David Marr provided a useful framework for theorizing about cognition within classical, AI-style cognitive science, in terms of three levels of description: the levels of (i) cognitive function, (ii) algorithm and (iii) physical implementation. We generalize this framework: (i) cognitive state transitions, (ii) mathematical/functional design and (iii) physical implementation or realization. Specifying the middle, design level to be the theory of dynamical systems yields a nonclassical, alternative framework that suits (but is not committed to) connectionism. We consider how a brain's (...)
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  20.  48
    Practicing Safe Epistemology.David Henderson & Terence E. Horgan - 2001 - Philosophical Studies 102 (3):227 - 258.
    Reliablists have argued that the important evaluative epistemic concept of being justified in holding a belief, at least to the extent that that concept is associated with knowledge, is best understood as concerned with the objective appropriateness of the processes by which a given belief is generated and sustained. In particular, they hold that a belief is justified only when it is fostered by processes that are reliable (at least minimally so) in the believer’s actual world.[1] Of course, reliablists typically (...)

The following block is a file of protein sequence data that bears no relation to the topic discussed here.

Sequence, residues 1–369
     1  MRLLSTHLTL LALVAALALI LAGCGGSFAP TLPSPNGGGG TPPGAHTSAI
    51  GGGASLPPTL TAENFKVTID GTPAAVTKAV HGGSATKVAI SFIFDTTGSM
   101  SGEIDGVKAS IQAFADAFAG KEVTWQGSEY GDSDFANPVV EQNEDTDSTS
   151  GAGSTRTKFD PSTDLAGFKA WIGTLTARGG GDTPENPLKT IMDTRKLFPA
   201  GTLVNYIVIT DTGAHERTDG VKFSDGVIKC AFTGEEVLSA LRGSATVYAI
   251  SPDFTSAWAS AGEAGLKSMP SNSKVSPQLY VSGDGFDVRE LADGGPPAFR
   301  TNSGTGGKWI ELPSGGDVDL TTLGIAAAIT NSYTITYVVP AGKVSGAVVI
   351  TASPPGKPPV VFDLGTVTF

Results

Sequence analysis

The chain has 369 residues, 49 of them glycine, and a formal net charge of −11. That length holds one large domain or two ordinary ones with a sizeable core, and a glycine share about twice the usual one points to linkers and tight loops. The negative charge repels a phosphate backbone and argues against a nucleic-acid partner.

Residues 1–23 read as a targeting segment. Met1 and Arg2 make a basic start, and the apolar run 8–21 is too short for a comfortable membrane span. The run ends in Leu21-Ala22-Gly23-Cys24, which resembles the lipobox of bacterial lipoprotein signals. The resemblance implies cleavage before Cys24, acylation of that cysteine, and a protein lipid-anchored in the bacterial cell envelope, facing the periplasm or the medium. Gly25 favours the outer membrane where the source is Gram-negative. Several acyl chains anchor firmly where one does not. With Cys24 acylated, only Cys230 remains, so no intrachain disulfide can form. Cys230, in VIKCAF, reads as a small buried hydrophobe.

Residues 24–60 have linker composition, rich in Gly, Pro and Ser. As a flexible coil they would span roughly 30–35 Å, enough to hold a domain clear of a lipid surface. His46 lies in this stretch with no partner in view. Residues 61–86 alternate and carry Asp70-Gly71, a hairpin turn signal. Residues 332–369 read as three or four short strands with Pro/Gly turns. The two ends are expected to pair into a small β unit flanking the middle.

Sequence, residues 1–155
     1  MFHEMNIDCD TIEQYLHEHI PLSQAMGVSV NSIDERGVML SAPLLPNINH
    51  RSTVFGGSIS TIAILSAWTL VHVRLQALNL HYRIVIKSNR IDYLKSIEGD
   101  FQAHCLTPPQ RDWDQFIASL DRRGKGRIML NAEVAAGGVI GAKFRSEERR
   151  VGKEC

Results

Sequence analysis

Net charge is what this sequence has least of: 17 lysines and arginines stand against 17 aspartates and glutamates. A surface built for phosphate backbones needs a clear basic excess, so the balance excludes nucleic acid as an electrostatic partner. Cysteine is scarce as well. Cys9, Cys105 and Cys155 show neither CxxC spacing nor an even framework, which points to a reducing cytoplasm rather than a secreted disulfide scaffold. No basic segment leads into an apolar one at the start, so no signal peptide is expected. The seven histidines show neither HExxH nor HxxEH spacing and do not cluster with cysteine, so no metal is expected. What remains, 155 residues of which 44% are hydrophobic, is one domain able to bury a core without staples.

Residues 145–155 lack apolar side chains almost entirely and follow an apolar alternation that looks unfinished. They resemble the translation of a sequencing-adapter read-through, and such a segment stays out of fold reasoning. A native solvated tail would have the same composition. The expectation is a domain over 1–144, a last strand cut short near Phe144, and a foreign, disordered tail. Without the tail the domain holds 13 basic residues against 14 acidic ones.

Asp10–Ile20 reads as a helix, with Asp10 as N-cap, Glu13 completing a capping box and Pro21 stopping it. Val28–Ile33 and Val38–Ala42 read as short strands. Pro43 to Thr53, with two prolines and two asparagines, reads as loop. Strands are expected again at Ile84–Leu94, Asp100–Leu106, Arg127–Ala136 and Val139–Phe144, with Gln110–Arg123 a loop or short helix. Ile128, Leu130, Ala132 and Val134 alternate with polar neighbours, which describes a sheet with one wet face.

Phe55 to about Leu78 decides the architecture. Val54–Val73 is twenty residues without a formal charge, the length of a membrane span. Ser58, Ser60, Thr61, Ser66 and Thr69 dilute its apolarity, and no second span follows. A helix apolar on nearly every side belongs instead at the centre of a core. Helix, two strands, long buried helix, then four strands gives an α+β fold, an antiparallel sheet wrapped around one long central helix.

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  21.  67
    Supervenience and Cosmic Hermeneutics.Terence E. Horgan - 1984 - Southern Journal of Philosophy Supplement 22 (S1):19-38.
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  22.  72
    Southern Fundamentalism and the End of Philosophy.George Graham & Terence E. Horgan - 1994 - Philosophical Issues 5:219-247.
  23.  77
    Cognitive Systems as Dynamic Systems.Terence E. Horgan & John L. Tienson - 1992 - Topoi 11 (1):27-43.
  24. Materialism: Matters of Definition, Defense, and Deconstruction.Terence E. Horgan - 2006 - Philosophical Studies 131 (1):157-83.
    How should the metaphysical hypothesis of materialism be formulated? What strategies look promising for defending this hypothesis? How good are the prospects for its successful defense, especially in light of the infamous “hard problem” of phenomenal consciousness? I will say something about each of these questions.